Pre-peak James Tennyson able to exploit champ Tevin Farmer’s “weak points”


James Tennyson [22(18)-2(2)] will shock the world and win the IBF super featherweight world title before 12 rounds play out in Boston this Saturday night according to his coach Tony Dunlop.

The 25-year-old faces a slick and ever-improving champion but Dunlop predicts he will have the title ripped from his waist on the big Sky Sports/DAZN broadcast Matchroom show at the TD Garden.

The Belfast Kronk boss, who has travelled through ups and downs with Tennyson, is confident the shot has come at the right time for the Belfast fighter.

“This title fight has come along at the right time. He is nowhere near his peak yet, but I reckon he will win this title and I reckon he will win it inside the distance,” Dunlop told the Belfast Newsletter.

“We are not taking Farmer lightly. He is a very slick boxer and he has done well to come back from early set backs himself. It will be a great fight but we are very confident we can do it,” he added before continuing to point out ‘The American Idol’s’ qualities.

“He is a very talented boxer, very good counter puncher, and he is improving every time too. I don’t know what his amateur record was but he has come on from those early defeats,” added the coach before hinting that they have been working on a gameplan to exploit holes in the champion’s game.

“His main strengths are his boxing ability, he is very slick, Mayweathe-style. He has copied Mayweather, that’s his hero. I have seen weak points but I won’t talk about them.”

Considering Farmer’s style, most are predicting Tennyson’s best chance is to use the early rounds to try and slow the fighter, who claimed the title with victory over Billy Dib, down before unleashing the power that has secured him 18 knockout wins and stoppages in Irish and European title fights.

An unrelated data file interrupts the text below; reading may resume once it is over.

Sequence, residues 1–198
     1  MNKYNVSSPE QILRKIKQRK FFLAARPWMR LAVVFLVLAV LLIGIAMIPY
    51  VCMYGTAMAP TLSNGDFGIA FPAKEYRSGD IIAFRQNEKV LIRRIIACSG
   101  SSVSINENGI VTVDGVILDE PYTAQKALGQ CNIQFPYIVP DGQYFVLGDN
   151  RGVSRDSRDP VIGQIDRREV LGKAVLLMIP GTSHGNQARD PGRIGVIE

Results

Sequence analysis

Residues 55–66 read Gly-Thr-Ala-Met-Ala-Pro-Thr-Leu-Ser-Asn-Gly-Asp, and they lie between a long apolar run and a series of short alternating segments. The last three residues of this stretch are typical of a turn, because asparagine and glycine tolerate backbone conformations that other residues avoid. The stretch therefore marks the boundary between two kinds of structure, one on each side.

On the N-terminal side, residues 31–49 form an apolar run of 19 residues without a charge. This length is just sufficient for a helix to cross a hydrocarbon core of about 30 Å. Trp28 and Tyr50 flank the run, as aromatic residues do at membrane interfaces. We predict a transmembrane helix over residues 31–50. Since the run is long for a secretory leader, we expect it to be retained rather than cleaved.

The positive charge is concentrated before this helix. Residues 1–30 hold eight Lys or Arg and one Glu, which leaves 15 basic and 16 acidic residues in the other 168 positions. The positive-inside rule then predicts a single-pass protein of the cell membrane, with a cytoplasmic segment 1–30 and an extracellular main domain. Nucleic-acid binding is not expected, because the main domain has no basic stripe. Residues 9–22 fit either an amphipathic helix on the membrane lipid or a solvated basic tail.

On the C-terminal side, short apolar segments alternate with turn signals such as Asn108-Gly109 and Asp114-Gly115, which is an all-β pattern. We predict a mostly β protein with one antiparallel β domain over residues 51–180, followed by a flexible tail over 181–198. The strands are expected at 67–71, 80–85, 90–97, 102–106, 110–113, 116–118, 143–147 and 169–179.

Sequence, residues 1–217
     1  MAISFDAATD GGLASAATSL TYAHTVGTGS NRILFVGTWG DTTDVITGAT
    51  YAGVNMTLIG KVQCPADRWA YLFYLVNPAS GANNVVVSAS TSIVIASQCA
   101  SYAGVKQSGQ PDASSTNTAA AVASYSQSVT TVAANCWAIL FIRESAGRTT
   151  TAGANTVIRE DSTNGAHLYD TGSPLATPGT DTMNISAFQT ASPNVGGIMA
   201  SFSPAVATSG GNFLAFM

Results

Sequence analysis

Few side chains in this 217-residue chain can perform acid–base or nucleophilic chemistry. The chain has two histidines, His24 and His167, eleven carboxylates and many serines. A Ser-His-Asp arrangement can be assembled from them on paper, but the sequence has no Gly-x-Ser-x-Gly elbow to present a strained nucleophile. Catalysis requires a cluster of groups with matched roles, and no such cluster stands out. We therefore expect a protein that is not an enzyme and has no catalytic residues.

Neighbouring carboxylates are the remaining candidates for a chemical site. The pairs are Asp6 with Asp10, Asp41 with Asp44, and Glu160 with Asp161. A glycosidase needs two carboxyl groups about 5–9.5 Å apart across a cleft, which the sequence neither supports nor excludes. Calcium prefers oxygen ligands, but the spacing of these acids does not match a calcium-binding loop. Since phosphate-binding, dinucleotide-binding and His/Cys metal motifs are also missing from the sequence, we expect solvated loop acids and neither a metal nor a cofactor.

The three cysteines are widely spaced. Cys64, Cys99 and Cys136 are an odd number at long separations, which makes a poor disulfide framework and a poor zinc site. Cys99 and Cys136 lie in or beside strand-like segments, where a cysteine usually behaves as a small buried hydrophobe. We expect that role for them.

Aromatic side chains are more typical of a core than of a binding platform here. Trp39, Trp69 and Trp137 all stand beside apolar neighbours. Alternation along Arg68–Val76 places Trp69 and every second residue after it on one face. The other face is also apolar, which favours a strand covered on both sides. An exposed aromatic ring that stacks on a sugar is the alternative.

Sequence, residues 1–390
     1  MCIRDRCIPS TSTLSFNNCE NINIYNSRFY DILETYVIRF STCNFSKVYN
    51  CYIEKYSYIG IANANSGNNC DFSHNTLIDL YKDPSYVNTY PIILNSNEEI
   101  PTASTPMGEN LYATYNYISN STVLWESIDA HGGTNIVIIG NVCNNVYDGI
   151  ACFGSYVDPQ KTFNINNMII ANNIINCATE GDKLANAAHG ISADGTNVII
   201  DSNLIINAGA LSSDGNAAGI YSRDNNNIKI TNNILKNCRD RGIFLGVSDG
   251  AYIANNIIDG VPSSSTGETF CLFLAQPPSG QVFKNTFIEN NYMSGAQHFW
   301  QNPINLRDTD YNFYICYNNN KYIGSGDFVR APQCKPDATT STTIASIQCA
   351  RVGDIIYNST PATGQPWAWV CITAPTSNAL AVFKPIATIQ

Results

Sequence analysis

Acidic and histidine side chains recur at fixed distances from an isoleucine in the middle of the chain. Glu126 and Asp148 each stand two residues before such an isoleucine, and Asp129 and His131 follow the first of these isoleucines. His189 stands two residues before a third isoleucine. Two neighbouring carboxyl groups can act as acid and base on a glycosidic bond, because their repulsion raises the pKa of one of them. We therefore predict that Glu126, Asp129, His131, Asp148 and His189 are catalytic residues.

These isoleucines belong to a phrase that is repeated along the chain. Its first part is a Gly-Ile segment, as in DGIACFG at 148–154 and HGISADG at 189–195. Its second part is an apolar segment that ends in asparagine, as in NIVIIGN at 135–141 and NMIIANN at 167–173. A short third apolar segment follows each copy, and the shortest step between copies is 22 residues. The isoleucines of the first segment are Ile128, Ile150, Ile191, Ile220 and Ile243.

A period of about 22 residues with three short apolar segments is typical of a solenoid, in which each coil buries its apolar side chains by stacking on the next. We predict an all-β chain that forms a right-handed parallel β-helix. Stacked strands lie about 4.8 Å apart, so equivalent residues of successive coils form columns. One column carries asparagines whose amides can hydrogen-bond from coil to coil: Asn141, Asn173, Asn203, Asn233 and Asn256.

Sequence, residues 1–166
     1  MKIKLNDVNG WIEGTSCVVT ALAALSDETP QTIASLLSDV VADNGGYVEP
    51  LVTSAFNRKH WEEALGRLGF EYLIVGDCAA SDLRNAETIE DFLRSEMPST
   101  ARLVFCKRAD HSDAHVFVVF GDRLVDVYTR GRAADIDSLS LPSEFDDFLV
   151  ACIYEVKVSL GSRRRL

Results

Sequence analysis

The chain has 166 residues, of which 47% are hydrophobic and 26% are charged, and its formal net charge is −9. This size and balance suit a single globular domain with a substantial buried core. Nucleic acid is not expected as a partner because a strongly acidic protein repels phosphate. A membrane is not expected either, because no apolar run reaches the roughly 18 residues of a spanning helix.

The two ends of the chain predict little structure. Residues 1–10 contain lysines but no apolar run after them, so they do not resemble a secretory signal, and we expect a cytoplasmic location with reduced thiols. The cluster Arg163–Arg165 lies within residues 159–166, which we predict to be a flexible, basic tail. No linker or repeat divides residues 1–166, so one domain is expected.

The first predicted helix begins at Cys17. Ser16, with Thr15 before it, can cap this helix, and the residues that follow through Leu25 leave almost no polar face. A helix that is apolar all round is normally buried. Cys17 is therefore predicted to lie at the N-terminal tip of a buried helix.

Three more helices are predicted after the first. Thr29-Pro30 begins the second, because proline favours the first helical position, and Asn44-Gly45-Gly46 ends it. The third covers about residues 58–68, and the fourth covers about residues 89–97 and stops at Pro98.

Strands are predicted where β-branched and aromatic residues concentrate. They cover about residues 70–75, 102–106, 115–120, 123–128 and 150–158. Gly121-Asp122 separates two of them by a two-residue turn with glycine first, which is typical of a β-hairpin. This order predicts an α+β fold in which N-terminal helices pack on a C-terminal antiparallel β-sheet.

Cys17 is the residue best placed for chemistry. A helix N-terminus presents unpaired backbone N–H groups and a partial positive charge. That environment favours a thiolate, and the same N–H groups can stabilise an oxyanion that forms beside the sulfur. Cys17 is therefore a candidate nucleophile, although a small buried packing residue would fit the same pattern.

The size difference between the two fighters has been noted by many, and ‘The Assassin’s’ ability to chop down slicksters such as Declan Geraghty and Martin J Ward has also inspired confidence.

When listening to Dunlop, size and that seek-and-eventually-destroy tactic looks likely to play a part at the home of the Boston Celtics and Bruins this weekend.

“His punching power is improving in every fight. What you seen the last day you won’t see again because he is improving on it. Pound-for-pound I’d say he is one of the biggest punchers in Europe and you’ll see it in the next fight.

“He might start off slow and give away a few rounds but then the engine starts. He has great stamina and when it comes to sixth, seventh, eight rounds he is only getting into his stride and he has taken these guys out.”

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